SIPTU Radiation therapists forced to work extended days to complete cancer treatments

SIPTU members employed as radiation therapists are struggling to provide cancer treatments within the working day.

In a recent survey of members conducted among union members, 91% of respondents said that their location provided an ‘overrun service’ in order to keep on top of caseloads.

SIPTU Sector Organiser, John McCamley, said: “An overrun service occurs when the scheduled service runs beyond the normal finish time. This can happen for a variety of reasons such as the addition of an emergency patient who requires treatment, delays with scheduled treatments throughout the day, machine breakdowns and to accommodate patients on waiting lists. Most radiation therapists will continue to treat scheduled patients until they are all seen.

“Our members have said this is as the result of a stretched service which is in desperate need of more radiation therapists to meet demand. They have also said that the practice is leading to burnout and difficulties with childcare. However, they are doing it out of care for the patients they are treating.”

Separately, the survey revealed that 84% of respondents believed that the public at large was not aware of the role of the radiation therapist in treating cancer.

McCamley continued: “Critically, our members feel as though their role is not recognised as being as crucial as it is in the treatment of cancer. Respondents felt that there is an awareness of the role that chemotherapy and surgery plays in the treatment of cancer, but not radiation therapy. This is despite the fact that radiation therapy is one of the main treatments of cancer.

“There is a view among our membership that you will likely not appreciate the significance of the the role of the radiation therapist unless you’re unfortunate enough to require their help some day.”

The SIPTU Radiation Therapist survey was completed in February 2023 across public and private practice. There are currently approximately 300 radiation therapists practicing in Ireland. Radiation therapy uses targeted high energy x-rays to treat patients with cancer..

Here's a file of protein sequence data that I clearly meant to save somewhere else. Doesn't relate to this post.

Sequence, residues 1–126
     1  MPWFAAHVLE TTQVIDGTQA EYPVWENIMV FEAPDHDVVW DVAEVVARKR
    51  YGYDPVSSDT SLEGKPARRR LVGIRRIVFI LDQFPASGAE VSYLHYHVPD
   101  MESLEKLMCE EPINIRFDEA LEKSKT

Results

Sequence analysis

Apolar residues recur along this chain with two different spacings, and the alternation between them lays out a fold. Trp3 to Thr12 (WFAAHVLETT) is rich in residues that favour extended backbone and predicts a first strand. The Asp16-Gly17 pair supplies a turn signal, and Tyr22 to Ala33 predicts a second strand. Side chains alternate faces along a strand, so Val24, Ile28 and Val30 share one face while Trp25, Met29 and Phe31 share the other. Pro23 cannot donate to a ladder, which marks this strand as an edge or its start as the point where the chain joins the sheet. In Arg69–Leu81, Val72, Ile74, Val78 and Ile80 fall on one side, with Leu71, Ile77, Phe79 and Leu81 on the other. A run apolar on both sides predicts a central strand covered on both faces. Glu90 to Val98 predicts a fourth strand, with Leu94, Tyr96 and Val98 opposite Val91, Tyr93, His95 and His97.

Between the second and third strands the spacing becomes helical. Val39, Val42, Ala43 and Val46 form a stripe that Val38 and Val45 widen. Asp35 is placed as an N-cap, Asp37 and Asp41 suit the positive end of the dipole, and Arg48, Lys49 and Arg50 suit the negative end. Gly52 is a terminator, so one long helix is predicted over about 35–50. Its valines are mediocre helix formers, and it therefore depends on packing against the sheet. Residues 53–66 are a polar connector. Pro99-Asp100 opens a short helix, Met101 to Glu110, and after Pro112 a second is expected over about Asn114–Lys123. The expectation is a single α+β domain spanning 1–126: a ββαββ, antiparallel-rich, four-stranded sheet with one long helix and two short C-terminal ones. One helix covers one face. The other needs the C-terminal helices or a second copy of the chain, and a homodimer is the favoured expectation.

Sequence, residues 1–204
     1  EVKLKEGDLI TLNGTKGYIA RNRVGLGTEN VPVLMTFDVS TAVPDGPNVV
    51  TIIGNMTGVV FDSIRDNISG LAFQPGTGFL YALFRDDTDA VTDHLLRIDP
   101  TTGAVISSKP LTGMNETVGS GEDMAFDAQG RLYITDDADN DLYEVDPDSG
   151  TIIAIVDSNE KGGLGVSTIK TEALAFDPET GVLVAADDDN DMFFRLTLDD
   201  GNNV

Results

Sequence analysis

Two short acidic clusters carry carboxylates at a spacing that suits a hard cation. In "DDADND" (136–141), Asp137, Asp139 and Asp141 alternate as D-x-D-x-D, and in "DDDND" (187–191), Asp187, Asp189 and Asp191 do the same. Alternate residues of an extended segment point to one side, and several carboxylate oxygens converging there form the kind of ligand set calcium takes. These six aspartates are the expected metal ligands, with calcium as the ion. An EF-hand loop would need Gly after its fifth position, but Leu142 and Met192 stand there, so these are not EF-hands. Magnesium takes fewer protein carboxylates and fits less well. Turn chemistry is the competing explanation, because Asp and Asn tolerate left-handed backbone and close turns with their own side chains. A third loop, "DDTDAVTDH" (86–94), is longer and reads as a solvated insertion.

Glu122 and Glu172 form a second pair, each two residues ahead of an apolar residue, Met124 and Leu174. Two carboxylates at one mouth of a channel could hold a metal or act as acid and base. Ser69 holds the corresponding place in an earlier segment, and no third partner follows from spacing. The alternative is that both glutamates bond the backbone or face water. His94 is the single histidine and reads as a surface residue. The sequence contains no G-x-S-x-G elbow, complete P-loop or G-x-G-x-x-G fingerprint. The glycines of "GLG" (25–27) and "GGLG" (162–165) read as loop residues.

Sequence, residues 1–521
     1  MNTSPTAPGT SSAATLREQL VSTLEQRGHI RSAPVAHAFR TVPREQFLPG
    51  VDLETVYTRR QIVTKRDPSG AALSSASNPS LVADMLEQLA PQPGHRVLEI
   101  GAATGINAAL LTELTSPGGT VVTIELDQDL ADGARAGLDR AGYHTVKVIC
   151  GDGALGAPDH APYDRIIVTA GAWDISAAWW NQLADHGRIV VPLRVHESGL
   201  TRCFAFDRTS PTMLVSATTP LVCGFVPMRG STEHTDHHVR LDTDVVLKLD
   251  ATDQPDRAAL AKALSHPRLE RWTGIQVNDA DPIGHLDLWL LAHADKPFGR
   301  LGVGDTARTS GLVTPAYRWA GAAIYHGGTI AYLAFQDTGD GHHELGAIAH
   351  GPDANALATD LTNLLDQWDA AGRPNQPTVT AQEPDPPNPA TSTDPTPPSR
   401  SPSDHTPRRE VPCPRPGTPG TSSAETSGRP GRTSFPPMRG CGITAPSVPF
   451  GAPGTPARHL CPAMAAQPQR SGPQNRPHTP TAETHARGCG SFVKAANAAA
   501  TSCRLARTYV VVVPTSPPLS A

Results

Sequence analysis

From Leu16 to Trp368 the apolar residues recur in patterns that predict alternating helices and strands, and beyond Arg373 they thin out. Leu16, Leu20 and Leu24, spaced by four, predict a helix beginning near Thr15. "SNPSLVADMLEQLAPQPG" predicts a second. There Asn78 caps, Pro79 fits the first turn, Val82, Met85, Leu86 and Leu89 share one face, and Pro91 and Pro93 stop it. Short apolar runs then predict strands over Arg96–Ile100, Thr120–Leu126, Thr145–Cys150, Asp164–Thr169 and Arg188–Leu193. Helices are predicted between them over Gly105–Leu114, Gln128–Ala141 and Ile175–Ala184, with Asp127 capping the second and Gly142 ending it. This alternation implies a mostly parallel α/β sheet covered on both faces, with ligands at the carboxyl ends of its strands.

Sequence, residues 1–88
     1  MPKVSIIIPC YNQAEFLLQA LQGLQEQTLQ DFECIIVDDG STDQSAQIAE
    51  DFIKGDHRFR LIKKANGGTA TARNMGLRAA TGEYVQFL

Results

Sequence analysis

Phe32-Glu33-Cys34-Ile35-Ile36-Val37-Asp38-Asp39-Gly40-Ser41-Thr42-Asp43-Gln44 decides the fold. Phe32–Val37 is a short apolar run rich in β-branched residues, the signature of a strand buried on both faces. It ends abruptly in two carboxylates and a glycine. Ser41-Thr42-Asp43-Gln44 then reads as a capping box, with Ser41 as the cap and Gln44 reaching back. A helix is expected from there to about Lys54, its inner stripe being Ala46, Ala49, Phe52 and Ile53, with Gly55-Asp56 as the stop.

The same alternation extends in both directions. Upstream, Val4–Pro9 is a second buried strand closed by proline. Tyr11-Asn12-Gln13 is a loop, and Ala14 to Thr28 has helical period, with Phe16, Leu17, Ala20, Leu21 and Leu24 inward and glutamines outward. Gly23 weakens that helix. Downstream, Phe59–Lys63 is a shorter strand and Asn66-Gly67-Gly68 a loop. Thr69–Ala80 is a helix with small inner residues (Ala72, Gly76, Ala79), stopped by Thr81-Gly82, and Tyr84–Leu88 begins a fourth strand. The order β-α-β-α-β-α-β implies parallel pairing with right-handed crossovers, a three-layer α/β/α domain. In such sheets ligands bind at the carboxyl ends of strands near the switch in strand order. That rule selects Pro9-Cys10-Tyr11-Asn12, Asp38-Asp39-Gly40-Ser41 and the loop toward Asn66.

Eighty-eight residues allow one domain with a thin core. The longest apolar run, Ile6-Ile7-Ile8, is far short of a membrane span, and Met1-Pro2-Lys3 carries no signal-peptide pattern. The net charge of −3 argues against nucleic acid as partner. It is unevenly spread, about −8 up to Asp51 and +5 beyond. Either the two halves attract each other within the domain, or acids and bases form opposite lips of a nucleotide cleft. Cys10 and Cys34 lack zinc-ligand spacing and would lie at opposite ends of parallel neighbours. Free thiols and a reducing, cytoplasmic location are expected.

SIPTU members in National Ambulance Service vote overwhelmingly for strike action

SIPTU members in the National Ambulance Service (NAS) have voted overwhelmingly for strike action in a dispute resulting from the failure of management to fully implement the recommendations of a report on the reform and modernisation of the service.

SIPTU Sector Organiser, Ted Kenny, said: “The ballot which was counted on Friday (5th May) has returned a result of more than 95% in favour of strike action. The dispute has resulted from a failure of NAS management to fully implement the recommendation of the Review of Roles and Responsibilities Report which was jointly commissioned by the NAS, SIPTU and the HSE in 2018.

“This huge vote in favour of taking action demonstrates our members’ determination to ensure their employer honours its agreement in full when it comes to implementing widespread reform at the NAS.

“Our members have fully co-operated with a plan drawn up by management to develop the service and they expect commitments concerning new grades and pay scales, which were made to them, to be met. It is the function of management to secure the necessary funding to deliver the agreed vision for the service. This includes any payments arising to staff as part of their overall restructuring plan.”

He added: “We have advised NAS management of the outcome of our ballot. The exact date and nature of the industrial action that will now be taken will be finalised in consultation with our members.”